How to stay ahead of the curve on quality improvement
From the May ACP Observer, copyright © 2006 by the American College of Physicians.
Michael A. Hennigan, FACP, a solo general internist in Decatur, Ala., estimates that his practice spent nearly $15,000 last year to do something unusual: exceed the standard of care, knowing those efforts wouldn't be reimbursed. His goal was to get completely up to speed on meeting pay-for-performance initiatives—when they arrive.
He spent those dollars reaching the American Diabetes Association's (ADA) standard of ensuring that 80% of diabetic patients had a documented eye exam within the past year. Cheaper efforts didn't work, according to his calculations. Just telling patients to get their eyes checked, for example, resulted in a 35% compliance rate.
Giving patients a check-off card with the name and phone number of a recommended eye doctor boosted that rate, but only to just over 50%. To reach the ADA's magic number, Dr. Hennigan had to pay staff to call ophthalmologists and make appointments for each of his 2,000 diabetic patients.
In return, his practice, Decatur Internal Medicine Associates, earned ADA recognition for its diabetes education program and the practice itself—also known as the Diabetes and Lipid Center—has grown significantly.
"We get to say that we're one of the few recognized ADA practices in Alabama, but there's no financial reimbursement for doing what is considered way above the standard of care," noted Dr. Hennigan, whose staff includes three nurse practitioners and two certified diabetic educators.
Like other physicians and group practices anticipating pay for performance, Dr. Hennigan decided to invest early so his office would be ready when insurers start mandating measurement and reporting. Because there are few financial incentives yet, early adopters need to gauge how much time and effort they can afford to put in, and which strategies—abandoning losing propositions and starting small—will work best.
Making it work
While it's difficult to implement quality improvement measures with limited staff, it's not impossible. The key, practitioners say, is having a flexible management style to identify problems and adapt workflow quickly.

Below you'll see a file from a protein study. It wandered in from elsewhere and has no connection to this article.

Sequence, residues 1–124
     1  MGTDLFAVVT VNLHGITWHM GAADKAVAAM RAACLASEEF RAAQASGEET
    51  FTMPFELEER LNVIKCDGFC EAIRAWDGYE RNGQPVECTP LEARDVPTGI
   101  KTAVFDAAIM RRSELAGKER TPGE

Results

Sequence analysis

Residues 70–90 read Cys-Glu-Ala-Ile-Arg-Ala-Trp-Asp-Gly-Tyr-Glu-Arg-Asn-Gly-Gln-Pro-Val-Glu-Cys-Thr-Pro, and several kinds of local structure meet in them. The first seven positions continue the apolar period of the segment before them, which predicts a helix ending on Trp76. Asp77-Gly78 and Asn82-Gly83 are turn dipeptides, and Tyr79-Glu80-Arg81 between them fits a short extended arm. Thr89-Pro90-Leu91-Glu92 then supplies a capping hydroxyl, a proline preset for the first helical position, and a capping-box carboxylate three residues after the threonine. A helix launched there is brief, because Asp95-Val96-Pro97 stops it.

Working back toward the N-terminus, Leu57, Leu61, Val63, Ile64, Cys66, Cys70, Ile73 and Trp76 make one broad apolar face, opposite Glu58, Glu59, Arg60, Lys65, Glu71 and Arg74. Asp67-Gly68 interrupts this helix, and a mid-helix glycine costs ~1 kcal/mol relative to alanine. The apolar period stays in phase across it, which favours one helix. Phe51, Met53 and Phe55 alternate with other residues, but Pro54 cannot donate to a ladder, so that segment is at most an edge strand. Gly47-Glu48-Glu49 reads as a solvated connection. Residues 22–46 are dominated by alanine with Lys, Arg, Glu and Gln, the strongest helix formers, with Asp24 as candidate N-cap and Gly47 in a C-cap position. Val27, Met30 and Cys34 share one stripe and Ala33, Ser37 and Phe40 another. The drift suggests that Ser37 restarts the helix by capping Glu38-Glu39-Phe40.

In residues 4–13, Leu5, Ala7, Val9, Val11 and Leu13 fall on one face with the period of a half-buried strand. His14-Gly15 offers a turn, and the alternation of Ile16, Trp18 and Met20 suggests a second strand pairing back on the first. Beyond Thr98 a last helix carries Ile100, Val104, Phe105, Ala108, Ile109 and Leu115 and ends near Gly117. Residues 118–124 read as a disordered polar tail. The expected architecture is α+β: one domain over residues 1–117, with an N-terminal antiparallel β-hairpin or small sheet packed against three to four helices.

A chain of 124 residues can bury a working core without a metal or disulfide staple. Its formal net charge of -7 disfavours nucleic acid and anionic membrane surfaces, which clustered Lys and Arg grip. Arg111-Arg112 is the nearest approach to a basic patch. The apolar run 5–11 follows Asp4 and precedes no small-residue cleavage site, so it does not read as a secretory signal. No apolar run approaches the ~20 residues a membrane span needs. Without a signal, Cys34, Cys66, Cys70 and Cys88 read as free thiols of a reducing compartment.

That's especially true when your assumptions about an intervention don't pan out. Consider Jorge J. Scheirer, ACP Member, a general internist at the six-physician RPS Internal Medicine in Wyomissing, Pa. This January, he set out to improve the blood pressure and lipid scores of patients with coronary artery disease as part of his office's involvement in ACP's Closing the Gap: Cardiovascular Risk project. Within two weeks, the physicians' theory that patient compliance was the biggest stumbling block to improving those scores was proven wrong. (Also see "Implementing practice changes.")
"We did three or four different testing cycles—and found that compliance, while an issue, wasn't the only issue in our practice," Dr. Scheirer said. For example, differences in how doctors and nurses reconciled patients' own medication lists with the office's electronic health record was a more common problem than noncompliance.
The practice responded by shifting gears and beginning to target patients with blood pressures above goal, said Dr. Scheirer. The front desk identifies those patients before they arrive and alerts the clinician to the need for additional counseling. In the exam room, the doctor suggests behavioral interventions such as limiting sodium intake or starting a moderate exercise program. The nurse then asks patients for a commitment to try the interventions——and promises to call in one week to follow up and offer encouragement.
The initiative is still too new to tell whether it will improve outcomes but the point is to try new things until something works, said Dr. Scheirer. "You have a theory, but you may have to change your tactics midway through."
To stay flexible, said Michael S. Barr, FACP, the College's Vice President for Practice Advocacy and Improvement, everyone on the team has to be clear about what you're trying to accomplish and how to recognize when a change results in an improvement.
'Use small samples of data to inform the process and rapidly test new changes.'
—Michael S. Barr, FACP
"Use small samples of data to inform the process and rapidly test new changes," advised Dr. Barr, who leads ACP's Center for Practice Innovation, which helps small and mid-sized practices make quality improvements. "Remember that these improvement strategies are not the same as large, randomized research projects."
James H. Baker, FACP, a general internist at the 23-physician CCOM Medical Group in Muskogee, Okla., for example, realized that routine 15-minute visits for diabetic care weren't achieving his desired results. Instead, he tried a new approach: focusing nurses on education and referrals so the physician could target hemoglobin A1c, LDL cholesterol and blood pressure levels in the exam room.